It would be useful if ONS could put the two months indices on SUN to 2 decimal places. This would allow the UG to see if the usual 1dp publication is inadvertently exaggerating differences between the indices.
Regarding an unchanged CPIH my understanding of the rental equivalence index is that it can be interpreted as a moving average centred 9 months or so in arrears which may well have dampened any change.
All the best.
As Andrew mentioned, OOH has had an effect on the gap between CPI and CPIH. Between October and November 2017, prices were flat, having risen in the same period a year ago. This meant that OOH made a downward contribution to the change in the CPIH rate between Oct and Nov 2017.
The main factors acting to decrease the RPI relative to the CPI/H were motor fuels (the RPI prices are collected on index day, whereas CPI/H are collected across the month), air fares (due to differences in the weights between RPI and CPI/H) and house depreciation. These effects were partially offset by Mortgage Interest Payments.We'll get back to you on the point about OOH smoothing/lag.I hope this helps,James.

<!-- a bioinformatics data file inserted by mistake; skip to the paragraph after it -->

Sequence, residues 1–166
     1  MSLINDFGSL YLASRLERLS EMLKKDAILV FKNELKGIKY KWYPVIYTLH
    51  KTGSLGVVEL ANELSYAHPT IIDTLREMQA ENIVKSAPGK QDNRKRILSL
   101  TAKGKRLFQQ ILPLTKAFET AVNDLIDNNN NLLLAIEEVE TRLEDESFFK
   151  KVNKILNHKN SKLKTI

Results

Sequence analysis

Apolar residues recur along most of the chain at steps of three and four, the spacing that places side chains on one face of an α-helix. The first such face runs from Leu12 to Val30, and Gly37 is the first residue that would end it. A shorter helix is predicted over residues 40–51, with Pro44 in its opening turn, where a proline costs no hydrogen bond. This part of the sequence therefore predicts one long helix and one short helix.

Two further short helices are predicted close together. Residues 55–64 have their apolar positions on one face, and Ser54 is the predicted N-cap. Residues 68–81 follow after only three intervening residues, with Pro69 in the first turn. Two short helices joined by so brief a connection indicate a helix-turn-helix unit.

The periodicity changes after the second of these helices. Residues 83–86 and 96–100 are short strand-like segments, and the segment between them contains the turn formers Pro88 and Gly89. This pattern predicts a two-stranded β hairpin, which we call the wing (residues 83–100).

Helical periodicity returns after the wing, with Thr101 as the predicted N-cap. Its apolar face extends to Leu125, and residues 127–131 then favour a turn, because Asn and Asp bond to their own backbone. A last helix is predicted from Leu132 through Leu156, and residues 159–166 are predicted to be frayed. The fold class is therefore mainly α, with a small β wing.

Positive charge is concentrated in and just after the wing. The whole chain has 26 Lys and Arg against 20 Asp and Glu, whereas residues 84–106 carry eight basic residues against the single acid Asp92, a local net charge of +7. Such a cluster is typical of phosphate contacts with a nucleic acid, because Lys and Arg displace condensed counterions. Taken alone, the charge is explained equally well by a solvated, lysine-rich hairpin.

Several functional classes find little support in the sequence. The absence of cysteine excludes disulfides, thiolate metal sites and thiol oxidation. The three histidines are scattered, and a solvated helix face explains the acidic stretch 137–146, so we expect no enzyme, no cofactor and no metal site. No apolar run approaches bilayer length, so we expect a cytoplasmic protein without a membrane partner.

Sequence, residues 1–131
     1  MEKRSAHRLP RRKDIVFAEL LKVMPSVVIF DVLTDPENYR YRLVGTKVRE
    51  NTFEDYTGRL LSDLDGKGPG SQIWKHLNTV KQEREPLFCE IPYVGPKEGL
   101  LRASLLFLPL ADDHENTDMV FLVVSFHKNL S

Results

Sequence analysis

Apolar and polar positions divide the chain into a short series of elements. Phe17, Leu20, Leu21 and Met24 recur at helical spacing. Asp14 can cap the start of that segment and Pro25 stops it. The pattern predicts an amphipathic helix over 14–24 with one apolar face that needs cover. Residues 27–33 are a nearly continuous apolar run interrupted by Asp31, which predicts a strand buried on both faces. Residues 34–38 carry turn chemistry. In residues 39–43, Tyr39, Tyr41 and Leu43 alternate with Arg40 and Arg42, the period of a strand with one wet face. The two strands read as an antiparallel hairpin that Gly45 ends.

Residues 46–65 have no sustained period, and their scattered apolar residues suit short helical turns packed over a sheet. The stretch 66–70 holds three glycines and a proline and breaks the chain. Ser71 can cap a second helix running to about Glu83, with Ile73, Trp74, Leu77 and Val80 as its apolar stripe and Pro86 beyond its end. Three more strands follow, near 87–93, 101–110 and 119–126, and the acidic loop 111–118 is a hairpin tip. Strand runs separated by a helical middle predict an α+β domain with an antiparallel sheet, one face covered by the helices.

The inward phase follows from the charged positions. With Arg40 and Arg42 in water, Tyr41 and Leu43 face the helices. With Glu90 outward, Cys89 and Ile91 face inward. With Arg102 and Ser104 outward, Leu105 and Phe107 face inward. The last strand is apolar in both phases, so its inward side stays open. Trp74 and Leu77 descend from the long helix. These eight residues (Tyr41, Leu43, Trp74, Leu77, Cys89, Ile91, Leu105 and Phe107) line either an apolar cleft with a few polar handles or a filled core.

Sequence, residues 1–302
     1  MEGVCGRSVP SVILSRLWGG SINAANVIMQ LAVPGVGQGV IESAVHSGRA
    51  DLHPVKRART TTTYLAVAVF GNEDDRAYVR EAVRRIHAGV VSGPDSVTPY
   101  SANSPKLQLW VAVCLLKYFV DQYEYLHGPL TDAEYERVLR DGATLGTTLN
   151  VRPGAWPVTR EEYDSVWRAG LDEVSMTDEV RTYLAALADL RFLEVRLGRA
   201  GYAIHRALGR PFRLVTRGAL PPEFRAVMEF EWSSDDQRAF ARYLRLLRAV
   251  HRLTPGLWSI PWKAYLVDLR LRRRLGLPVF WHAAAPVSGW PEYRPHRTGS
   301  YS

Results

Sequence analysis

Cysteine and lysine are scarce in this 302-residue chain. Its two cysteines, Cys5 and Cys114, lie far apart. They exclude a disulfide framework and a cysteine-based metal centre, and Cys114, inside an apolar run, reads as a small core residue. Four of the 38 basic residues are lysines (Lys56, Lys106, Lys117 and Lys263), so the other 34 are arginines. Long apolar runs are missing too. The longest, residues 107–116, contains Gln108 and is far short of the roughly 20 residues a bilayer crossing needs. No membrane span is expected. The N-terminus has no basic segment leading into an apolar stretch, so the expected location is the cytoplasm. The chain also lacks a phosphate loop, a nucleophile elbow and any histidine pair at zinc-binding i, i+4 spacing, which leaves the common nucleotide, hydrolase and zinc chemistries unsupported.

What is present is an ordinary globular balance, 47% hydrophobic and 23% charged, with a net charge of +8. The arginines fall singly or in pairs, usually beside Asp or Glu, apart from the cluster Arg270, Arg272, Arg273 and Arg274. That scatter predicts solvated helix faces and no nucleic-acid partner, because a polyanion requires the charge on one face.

The trouble wirh publishing to two decimal places is that it would be spurious accuracy. Changes of less than 0.1% would be examined and commented on although they would be meaningless. Of course, there is no need to take just the percentage change rounded to one decimal place; the changes may be calculated from the two index levels with rather greater accuracy.
Hi James and thank you for your prompt reply on this matter.
One bit I would like to tidy up please. You say this in your message.
"As Andrew mentioned, OOH has had an effect on the gap between CPI and CPIH. Between October and November 2017, prices were flat, having risen in the same period a year ago"
This could be misconstrued in this sector as to meaning house prices. Am I correct in assuming you mean imputed rents?